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The river red gum has the most widespread natural distribution of any Eucalyptus species; from Geraldton to Grafton, from the Yorke Peninsula to the Cape York Peninsula. As extensive forest and woodland, it forms the structural and functional elements of important floodplain and wetland ecosystems.
Yet we know remarkably little about the ecology and life history of this tree: its longevity; how deep its roots go; what proportion of its seedlings survive to adulthood; the diversity of organisms associated with it and the nature of those associations.
This tree has played a central role in the tension between economy, society and environment. Since the 1870s it has been the subject of repeated government enquiries over its conservation, use and management. We have now begun to move from a culture of wholesale exploitation of river red gum forests and woodlands to one of sustainable uses and conservation. The author traces this shift through the depiction of river red gums and inland floodplains in art, literature and the media.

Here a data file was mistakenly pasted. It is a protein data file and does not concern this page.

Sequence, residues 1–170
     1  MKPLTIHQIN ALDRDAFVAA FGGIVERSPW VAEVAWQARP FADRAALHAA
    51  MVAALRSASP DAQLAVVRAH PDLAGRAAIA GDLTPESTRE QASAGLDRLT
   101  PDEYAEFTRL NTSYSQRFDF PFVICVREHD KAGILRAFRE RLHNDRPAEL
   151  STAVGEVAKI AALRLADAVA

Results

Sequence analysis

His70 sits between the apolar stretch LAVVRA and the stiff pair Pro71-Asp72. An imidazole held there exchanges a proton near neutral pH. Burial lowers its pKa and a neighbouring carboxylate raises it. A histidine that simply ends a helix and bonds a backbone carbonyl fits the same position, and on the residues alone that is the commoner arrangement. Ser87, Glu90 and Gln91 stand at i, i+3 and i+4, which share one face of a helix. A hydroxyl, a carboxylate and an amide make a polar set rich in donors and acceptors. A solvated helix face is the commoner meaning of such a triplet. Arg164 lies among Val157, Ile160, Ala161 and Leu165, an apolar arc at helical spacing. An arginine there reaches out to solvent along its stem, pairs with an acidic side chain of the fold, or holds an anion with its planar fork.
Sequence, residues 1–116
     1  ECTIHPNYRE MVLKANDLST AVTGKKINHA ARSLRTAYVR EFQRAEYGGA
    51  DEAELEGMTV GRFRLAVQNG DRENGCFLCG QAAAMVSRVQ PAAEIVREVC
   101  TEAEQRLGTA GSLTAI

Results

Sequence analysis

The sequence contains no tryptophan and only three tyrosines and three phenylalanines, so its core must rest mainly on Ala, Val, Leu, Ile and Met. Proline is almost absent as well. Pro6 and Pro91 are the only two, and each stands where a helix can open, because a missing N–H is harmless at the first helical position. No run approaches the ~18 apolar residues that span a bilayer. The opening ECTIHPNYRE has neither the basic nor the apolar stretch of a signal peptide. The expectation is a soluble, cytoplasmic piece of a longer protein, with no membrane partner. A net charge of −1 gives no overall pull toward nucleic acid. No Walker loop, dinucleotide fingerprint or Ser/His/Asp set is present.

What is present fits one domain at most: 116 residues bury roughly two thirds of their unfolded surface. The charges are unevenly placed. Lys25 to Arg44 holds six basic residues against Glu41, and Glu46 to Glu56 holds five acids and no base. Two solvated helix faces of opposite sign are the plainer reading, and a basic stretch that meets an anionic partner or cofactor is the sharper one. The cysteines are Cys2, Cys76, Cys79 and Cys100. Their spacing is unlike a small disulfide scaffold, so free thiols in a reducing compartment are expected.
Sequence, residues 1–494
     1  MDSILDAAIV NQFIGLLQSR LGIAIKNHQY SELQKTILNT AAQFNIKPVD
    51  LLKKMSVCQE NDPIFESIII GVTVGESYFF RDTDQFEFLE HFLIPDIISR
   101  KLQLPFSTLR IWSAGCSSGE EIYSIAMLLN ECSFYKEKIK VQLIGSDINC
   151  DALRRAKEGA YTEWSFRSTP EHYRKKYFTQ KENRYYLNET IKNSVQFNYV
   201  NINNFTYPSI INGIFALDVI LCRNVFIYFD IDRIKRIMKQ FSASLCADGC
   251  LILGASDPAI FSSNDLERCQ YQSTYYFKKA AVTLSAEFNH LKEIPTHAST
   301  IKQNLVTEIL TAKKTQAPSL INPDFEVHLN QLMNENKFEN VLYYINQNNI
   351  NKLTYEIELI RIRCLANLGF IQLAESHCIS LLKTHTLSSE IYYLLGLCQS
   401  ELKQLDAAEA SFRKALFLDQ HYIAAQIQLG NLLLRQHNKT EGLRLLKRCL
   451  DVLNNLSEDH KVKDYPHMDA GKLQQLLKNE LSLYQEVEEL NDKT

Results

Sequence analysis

* Looks at the ecology and life history of the most widely distributed Eucalyptus species in Australia.
* An account of the importance of river red gum forests and woodlands as part of Country and Law for
Aboriginal people; the uses of the tree in the context of cultural history and traditional knowledge.
* Documentation of the threats and changes in river red gum landscapes and environment since European settlement.
* Richly illustrated with photographs, maps and color paintings.
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